Great physiques are forged in the kitchen, not the gym; you can pump iron as much as you like, but if your diet is below-par, your body will follow suit. And just as what you eat impacts your physical strength, a new study shows just how much your food habits affect your mindset. While the amino acids within protein are the building blocks of your muscles, it seems your mental strength is built on a foundation of fruit and veg…
‘Increased consumption of fruit and vegetables can be directly linked to life satisfaction and mental wellbeing’
The study, which gathered data from a range of surveys conducted between 2010 and 2017, shows that increased consumption of fruit and vegetables can be directly linked to increases in self-reported life satisfaction and mental wellbeing. In other words, those who eat their 5 a day – or a similar amount of fruit and veg on a regular basis – are generally happier than those who don’t.
Unfortunately, getting your greens in seems easier said than done. Seven per cent of those surveyed (no less than 9,310 people) reported never eating a piece of fruit in a week, and 2% (2,710 people) said they regularly go entire weeks without touching a vegetable. Men, meanwhile, fall some way behind women in the fruit and veg stakes. But why?
One reason given is that women are more likely to be vegetarian, but there’s no reason your meat eating should be getting in the way of your five a day. In fact, your fitness as well as your mental health is dependent on a degree of plant-based nutrition. You can check out this RSNG article for more on the benefits of going green, but the key take-home is that fruit and veg provides your body with a unique set of nutrients necessary for peak performance.
Buying Into Wellbeing
Despite the clear link between a healthy, balanced diet and robust mental health, the study suggests expense is another reason some people struggle to eat healthily. While there’s a general sense that you need to sink funds into expensive, ‘trend’ foods to be healthy, nutritionist Evelyn Toner ([@the_active_dietician])(https://www.instagram.com/the_active_dietitian) says it needn’t be that way. Some of the blame for this perception lies with the marketing of so-called ‘superfoods’: avocado, spirulina and wheatgrass, for example.
‘These are not only inaccessible to a lot of people, they are also completely unnecessary,’ she says. ‘But unfortunately there’s this idea that you need these foods to eat healthily.’ Far from expensive superfoods being the only option, there are many ways to eat healthily, like these:
Frozen mixed berries: ‘Inexpensive and available in the frozen aisle of most supermarkets, berries are a good source of polyphenols, which have an antioxidant effect.’
Apples. ‘A good source of dietary fibre to protect against heart disease and cancer.’
Bananas. ‘These contain prebiotics: food for the good gut bacteria.’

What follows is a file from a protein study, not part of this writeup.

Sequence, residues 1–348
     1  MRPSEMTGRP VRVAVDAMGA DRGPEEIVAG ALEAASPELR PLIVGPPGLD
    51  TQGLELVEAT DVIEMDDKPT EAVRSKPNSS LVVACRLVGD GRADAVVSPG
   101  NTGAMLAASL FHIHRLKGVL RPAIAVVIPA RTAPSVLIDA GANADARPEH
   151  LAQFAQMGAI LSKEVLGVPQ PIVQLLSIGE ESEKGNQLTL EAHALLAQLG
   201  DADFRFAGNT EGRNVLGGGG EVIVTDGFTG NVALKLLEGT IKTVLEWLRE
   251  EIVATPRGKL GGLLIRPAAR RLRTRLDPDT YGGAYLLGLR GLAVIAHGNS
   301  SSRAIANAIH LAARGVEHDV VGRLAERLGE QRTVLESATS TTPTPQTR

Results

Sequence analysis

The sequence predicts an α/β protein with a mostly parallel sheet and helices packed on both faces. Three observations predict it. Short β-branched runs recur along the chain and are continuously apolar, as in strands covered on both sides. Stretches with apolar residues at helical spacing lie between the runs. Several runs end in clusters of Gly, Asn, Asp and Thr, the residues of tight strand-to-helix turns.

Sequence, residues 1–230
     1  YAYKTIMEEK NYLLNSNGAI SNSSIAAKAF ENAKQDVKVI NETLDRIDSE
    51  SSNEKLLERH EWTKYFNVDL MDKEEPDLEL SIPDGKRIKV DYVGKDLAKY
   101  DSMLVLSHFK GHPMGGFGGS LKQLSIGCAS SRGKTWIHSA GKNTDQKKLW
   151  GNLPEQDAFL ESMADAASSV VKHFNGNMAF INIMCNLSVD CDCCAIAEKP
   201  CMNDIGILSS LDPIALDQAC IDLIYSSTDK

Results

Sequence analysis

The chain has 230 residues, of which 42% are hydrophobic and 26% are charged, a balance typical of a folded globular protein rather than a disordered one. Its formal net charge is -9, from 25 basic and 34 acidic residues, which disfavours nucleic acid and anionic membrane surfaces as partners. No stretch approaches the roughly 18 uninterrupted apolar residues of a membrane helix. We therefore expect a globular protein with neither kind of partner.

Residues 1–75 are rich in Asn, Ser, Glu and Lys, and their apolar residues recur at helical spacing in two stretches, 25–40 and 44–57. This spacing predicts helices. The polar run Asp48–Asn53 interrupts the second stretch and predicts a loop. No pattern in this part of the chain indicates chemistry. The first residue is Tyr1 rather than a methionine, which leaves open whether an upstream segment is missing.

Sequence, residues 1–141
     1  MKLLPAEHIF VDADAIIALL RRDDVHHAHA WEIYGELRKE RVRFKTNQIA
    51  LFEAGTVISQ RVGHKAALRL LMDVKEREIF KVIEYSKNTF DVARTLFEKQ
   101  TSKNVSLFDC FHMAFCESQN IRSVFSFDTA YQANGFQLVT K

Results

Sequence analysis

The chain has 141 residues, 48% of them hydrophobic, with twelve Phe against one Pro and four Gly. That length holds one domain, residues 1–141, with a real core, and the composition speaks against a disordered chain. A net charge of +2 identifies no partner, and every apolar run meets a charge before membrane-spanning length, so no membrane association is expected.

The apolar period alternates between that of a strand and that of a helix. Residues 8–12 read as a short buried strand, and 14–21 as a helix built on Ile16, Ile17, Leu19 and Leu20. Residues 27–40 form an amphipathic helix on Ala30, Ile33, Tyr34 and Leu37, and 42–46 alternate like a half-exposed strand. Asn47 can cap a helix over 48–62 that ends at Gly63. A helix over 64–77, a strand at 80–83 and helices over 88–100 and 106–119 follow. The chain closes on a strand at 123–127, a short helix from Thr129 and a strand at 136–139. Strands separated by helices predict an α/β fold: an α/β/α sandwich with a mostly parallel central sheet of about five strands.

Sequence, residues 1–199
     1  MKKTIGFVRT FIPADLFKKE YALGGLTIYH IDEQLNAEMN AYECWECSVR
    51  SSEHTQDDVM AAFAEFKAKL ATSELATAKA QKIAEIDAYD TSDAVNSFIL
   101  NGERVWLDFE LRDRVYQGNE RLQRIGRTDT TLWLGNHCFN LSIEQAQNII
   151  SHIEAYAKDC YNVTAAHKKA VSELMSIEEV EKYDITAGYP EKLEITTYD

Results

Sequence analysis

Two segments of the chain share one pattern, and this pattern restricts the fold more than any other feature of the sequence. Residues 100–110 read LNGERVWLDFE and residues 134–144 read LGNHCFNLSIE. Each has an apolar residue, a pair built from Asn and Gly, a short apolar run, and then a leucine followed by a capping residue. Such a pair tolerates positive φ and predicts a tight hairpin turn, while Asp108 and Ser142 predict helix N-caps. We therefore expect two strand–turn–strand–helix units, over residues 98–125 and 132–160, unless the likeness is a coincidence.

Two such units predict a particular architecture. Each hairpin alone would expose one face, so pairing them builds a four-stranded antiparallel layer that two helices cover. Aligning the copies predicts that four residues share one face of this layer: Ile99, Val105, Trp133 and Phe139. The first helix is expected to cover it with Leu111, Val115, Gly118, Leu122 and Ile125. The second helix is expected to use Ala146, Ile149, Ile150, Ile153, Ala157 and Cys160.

Frozen spinach. ‘It’s rich in fibre and polyphenols.’
Carrots. ‘Widely available, carrots contain beta-carotene which benefits the immune system and our vision.’
Onions. ‘Like bananas, they’re a good source of pre-biotics.’
The study also suggests that frequency is as important as quantity, so adding just one more portion of fruit and veg to your diet – and sticking with it every day – can be hugely beneficial. But if a walk down the vegetable aisle leaves you confused and dashing for the comfort of the cold meats, we’ve got you covered...
‘Brightly coloured fruit and veg is rich in polyphenols, which have a powerful antioxidant effect’
Knowing What To Pick
Toner says the greater variety of fruit and veg in your weekly diet, the better. She also says it’s important to ‘include a range of different colours and experiment with new types.’ As well as the mental benefits suggested in the study, Toner says a wide range of colours ensures you’re getting, ‘a broad range of micronutrients, phytonutrients and food for your gut microbiome’ – in short, all the nutrients necessary for general good health.
If in doubt, make brightness your priority. ‘Brightly coloured fruit and veg is rich in polyphenols, which have a powerful antioxidant effect,’ explains Toner (think spinach, broccoli, red onion, carrots and berries). Antioxidants limits cell damage and reduce inflammation, making them particularly important for anyone who exercises regularly.
Fitting It All In
We know fruit and veg has the power to make you happier and physically healthier, but if you’re still scratching your head as to how you’re going to factor more of it in, Toner has a few suggestions. The first is to favour frozen: not only is frozen fruit better for the planet, it also means you can have a ready supply without fearing that it’s going to go bad. ‘Opting for frozen is cheaper and it will last longer,’ says Toner, ‘and it’s great for use in overnight oats or your morning porridge.’
Secondly, she suggests ‘bulking out dishes you're already preparing with extra veg: add in some grated carrot to spaghetti bolognese, or half a can of sweetcorn to your lunchtime soup.’ And if you’re following a recipe, ‘increase the vegetable quantities by at least 1.5.’ The flavour won’t suffer, but you’ll significantly boost the mind and body benefits of whatever you’re cooking.
WHAT NEXT? Use these simple tips to get more veg into your diet:
Comments are for information only and should not replace medical care or recommendations. Please check with your Doctor before embarking on exercise or nutrition regimes for the first time.